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Upgrading my Phone Tech, Saving a Buck

22 Apr 2013

Anyone who knows me will tell you that I am always on the lookout for money saving ideas. However, I'm also willing to pay a good buck so I don't skimp on quality. Take, for example, my obsession with garbage bags. No cheap, thin $2 garbage bags will do me... no, I demand thick walled bags with built-in handles. I'm willing to pay double or triple the cost of cheap garbage bags so I don't have to deal with the hassle.

In a similar vein, my wife and I have been using Sprint cell phones for the past few years. Their unlimited family plan was the right fit for my near-constant data use and her near-constant texting. However, Sprint has been recovering from their ill-timed purchase of Clearwire and now-deprecated-WIMAX technology by building their LTE network. To cover said costs, they've started passing on the costs to their customers by adding on fees to what used to be a relatively cheap plan.

Once those fees hit an extra $40 per month, I decided it was time to start looking for cell phone providers again.

Here were my criteria when hunting:

  1. Must be able to handle my wife's texting and my data usage without overage charges.
  2. Must be able to hack / mod / place custom ROMs on my phone effortlessly.
  3. Must be $60 / month or cheaper, per phone.
  4. Would prefer to be contract-less.

My search first lead me to Ting, which was promoted in an ArsTechnica article. They had everything I wanted and the price was perfect. However, it turned out their "reimburse if you break your contract" promotion was a contest, not a standing offer, and I put them on the back burner. Other prepaid CDMA providers I looked at, like Verizon and Virgin had similar price points to Ting, but it would have involved getting new phones.

Finally I decided to bite the bullet and plan to buy new phones. This opened up the GSM realm to me, a tech I've been a fan of for a long time. I love the freedom swapping in and out SIM cards provides. And when I read that the Nexus 4 was cheap ($350 ea without contract!), that pretty much sold me. My wife and I were planning on getting new phones from Sprint in a few months anyway, when we renewed our contract, but if we were going to break it, we might as well get the phones now.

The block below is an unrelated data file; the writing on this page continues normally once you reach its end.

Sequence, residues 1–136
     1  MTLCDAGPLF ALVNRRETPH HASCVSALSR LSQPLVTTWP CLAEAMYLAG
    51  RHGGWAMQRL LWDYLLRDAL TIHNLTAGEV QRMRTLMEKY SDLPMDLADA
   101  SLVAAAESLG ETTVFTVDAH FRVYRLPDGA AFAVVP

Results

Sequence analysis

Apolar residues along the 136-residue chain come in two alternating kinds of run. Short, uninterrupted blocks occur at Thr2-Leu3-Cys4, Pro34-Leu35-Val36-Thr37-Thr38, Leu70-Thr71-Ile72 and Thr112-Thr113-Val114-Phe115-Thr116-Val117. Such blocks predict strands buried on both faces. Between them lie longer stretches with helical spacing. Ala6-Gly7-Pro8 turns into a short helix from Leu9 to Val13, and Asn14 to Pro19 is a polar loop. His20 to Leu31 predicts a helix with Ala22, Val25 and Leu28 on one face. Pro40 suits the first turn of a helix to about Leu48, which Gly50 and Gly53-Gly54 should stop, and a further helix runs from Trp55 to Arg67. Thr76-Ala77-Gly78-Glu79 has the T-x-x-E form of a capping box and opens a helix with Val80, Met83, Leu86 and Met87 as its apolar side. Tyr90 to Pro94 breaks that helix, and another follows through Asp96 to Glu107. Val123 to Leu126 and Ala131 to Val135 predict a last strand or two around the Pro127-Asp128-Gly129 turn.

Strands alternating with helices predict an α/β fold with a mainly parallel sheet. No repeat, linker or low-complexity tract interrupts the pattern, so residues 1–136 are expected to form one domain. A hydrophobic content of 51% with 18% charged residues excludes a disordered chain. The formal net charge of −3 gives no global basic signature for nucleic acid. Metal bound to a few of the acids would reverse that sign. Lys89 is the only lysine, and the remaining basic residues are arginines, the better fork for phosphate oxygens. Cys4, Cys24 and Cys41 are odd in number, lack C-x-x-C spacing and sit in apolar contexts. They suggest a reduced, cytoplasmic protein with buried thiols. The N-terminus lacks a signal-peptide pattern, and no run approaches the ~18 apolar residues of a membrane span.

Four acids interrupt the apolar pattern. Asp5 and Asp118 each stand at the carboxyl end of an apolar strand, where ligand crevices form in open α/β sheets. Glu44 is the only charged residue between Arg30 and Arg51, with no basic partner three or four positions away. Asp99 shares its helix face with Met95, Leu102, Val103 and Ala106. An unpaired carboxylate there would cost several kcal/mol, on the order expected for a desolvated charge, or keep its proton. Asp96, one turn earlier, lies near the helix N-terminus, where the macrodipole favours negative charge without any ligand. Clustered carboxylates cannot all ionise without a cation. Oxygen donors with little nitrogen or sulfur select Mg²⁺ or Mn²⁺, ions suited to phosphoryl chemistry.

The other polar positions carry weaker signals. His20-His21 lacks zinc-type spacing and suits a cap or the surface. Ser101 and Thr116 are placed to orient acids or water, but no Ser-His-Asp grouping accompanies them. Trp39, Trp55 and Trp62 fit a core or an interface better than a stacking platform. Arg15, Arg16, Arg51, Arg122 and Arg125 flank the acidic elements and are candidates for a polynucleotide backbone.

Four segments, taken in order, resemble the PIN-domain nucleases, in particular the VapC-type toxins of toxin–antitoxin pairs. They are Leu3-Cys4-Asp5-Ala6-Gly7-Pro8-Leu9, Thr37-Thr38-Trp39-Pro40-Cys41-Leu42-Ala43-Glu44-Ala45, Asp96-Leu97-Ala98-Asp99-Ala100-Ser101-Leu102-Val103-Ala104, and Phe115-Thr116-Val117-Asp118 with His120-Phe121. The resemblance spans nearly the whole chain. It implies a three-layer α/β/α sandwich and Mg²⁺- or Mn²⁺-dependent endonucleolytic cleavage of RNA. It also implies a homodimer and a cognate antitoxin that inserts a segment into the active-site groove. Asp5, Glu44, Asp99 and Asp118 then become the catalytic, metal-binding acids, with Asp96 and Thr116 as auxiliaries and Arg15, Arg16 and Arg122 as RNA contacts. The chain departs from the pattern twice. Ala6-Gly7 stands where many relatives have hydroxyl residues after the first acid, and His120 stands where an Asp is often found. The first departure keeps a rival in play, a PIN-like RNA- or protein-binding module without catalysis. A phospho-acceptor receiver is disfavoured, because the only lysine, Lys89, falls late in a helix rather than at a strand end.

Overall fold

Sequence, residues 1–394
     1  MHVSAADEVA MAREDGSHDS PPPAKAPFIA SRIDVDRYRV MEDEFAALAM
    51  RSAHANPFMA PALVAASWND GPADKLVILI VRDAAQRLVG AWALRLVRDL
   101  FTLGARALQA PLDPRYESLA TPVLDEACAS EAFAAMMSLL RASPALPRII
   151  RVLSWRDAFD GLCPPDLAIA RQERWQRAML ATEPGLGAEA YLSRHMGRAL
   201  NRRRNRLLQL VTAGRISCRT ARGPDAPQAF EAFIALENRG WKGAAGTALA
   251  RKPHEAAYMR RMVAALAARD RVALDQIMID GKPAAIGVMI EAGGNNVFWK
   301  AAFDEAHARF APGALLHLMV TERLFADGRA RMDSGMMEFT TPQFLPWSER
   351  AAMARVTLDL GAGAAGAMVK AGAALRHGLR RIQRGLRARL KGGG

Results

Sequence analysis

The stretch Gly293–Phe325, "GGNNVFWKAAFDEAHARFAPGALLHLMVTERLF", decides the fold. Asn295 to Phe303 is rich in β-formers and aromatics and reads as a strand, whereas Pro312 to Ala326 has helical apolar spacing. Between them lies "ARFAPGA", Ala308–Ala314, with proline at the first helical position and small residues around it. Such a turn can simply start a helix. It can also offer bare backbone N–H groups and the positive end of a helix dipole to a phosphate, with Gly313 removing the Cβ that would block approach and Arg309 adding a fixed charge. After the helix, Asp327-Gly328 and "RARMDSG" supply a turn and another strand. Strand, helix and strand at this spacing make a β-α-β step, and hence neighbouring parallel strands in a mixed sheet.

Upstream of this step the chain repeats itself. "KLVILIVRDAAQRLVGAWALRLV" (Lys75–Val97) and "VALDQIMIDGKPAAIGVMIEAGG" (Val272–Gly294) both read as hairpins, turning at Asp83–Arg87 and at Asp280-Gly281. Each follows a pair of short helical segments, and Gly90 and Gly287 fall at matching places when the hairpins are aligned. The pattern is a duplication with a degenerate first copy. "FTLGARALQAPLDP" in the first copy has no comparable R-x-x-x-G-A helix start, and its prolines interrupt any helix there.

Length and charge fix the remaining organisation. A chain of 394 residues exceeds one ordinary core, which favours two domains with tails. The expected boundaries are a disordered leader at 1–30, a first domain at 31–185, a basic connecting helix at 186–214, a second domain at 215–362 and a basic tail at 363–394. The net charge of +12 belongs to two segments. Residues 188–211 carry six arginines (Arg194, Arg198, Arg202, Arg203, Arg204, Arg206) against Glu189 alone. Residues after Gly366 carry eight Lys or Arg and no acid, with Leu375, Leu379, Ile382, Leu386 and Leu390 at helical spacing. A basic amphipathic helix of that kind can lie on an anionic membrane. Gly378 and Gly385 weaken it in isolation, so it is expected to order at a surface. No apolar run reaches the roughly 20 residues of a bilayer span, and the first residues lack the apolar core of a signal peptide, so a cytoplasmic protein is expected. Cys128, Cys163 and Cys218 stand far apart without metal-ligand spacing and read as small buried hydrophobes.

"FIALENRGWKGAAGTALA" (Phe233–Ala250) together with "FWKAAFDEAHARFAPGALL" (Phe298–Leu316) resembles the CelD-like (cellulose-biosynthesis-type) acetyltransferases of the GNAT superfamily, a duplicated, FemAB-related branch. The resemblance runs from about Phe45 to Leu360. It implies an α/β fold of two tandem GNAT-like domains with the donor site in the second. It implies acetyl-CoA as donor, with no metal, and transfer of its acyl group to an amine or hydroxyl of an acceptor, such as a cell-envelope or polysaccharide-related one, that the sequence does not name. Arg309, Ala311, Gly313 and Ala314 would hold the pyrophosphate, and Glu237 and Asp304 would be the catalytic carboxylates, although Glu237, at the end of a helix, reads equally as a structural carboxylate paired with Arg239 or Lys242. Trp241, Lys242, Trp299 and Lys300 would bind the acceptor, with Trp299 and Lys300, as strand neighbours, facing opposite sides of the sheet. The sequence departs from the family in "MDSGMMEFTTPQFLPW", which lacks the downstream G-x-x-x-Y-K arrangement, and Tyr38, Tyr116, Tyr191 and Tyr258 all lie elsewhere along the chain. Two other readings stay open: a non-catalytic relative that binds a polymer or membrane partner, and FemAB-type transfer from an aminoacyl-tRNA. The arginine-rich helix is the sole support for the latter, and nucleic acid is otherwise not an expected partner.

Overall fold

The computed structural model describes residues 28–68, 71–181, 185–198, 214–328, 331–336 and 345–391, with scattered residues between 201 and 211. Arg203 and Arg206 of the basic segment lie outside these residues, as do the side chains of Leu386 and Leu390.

I started doing the math. I had to compare the cost of breaking my nearly-finished Sprint plan now, or waiting until the contract was up. I had to compare the cost of new phones at Sprint or getting two Nexus 4s. I had to compare the cost of each plan over time. Here's the spreadsheet I came up with. Sorry it's squished; I'm still working on the site's CSS.


Cell Phone Carrier ROI Chart

 

After lots of talking it over, we decided to spend some of our tax return on new phones to offset the initial cost. We ported our numbers to Google Voice, then connected new StraightTalk Wireless numbers as forwarding numbers.

One month in, and here's our results:

  1. Saving $80 / month compared to Sprint.
  2. No more contract-breaking fees.
  3. Google Voice is awesome. Send/receive/read texts from any computer, built-in voicemail transcription (always provides a good laugh), and the freedom to switch our forwarding numbers at will.
  4. Our new Nexus 4s go about 3 days without needing a battery recharge. Amazing considering my wife's previous Samsung Epic 4G barely made it 8 hours.
  5. The StraightTalk cell phone signal doesn't work well in our basement-level apartment, but I'm hoping I can fiddle with the APNs and radios on the Nexus 4 to get better signal.

On the whole, a welcome change. Worst case scenario, we drop StraightTalk for something else and swap in a new SIM card. Way easier than having to deal with CDMA.